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There are several ways you can answer this questions. However, the easiest way to address it is by saying if the total cost structure has an embedded fixed cost component, then the more units produced lowers the fixed cost associated with each unit.
Think of total cost as being comprised of fixed cost and variable cost. Variable cost stays the same per unit no matter how many units are produced. However, fixed cost gets lower, per unit, the more units there are to divide the cost by.
Whenever a firm produces a good, it has various kinds of costs. It has fixed costs (the building, the machinery) and it has variable costs (materials that get used up in making the goods and labor).
If a firm can increase its productivity (get more output from each worker in a given amount of time), the cost of each unit of output goes down. That's because the amount of money the firm paid the worker per good produced dropped.
So think of it this way. If I pay you $10 an hour and you make 10 t-shirts my costs are lower than if I pay you $10 and you make 20 t-shirts.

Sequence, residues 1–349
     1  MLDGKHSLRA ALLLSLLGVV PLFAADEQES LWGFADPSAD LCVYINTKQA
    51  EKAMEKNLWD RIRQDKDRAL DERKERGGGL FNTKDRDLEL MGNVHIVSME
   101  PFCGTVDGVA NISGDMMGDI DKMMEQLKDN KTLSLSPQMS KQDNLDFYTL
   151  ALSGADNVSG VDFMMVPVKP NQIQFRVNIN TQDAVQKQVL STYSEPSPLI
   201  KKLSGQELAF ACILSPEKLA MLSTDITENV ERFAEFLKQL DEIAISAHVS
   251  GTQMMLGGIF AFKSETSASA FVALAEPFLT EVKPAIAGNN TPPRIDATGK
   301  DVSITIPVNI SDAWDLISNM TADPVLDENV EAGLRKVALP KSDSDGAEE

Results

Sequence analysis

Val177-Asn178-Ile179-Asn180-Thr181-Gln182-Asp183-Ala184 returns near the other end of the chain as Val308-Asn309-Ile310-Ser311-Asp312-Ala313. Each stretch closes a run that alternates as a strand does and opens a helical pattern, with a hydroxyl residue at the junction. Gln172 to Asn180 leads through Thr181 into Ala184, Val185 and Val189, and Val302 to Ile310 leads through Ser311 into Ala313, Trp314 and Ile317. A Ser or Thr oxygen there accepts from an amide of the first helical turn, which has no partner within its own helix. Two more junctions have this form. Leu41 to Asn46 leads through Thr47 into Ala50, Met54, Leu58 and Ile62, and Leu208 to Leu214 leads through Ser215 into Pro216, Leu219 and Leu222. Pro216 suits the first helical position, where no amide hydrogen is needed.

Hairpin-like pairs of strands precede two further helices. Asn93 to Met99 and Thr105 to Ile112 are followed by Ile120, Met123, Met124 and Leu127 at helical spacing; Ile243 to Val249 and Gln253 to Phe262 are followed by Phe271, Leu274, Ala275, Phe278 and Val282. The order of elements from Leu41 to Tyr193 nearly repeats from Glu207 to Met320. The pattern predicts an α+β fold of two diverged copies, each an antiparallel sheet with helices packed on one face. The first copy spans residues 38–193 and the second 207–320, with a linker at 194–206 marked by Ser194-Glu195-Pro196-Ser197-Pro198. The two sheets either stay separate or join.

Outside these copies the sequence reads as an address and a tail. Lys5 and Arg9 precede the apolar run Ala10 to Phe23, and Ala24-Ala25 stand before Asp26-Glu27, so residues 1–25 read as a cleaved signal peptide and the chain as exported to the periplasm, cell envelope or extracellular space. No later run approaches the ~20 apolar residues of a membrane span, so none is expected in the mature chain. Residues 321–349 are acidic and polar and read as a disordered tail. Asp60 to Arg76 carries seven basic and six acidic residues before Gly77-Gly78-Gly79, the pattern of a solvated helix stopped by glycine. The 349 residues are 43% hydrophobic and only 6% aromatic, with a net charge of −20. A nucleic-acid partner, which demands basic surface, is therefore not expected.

The question makes an assumption that getting more output from additional workers, or in other words, increase in manpower, always results in lower cost for additional output,. This assumption is not always true. There are several component costs of the total cost. These include among others labour, material and equipment usage cost. There is no guarantee that sum of these unit production costs for these inputs for additional production achieved from additional workers will be less than the average unit cost of existing production. As a matter of fact even the average unit cost of labour need not be lower.
It will be reasonable to assume that additional production from additional workers will result in lower unit cost for additional production, only when we assume that the production facility has a fixed cost and is currently producing below the maximum production capacity. In this case the unit cost of additional production is lower because the fixed cost gets divided over larger number of units produced.
It should be noted that it is possible that unit variable cost may increase with production, and in this way offset the benefits of apportioning fixed costs over a larger production quantity.
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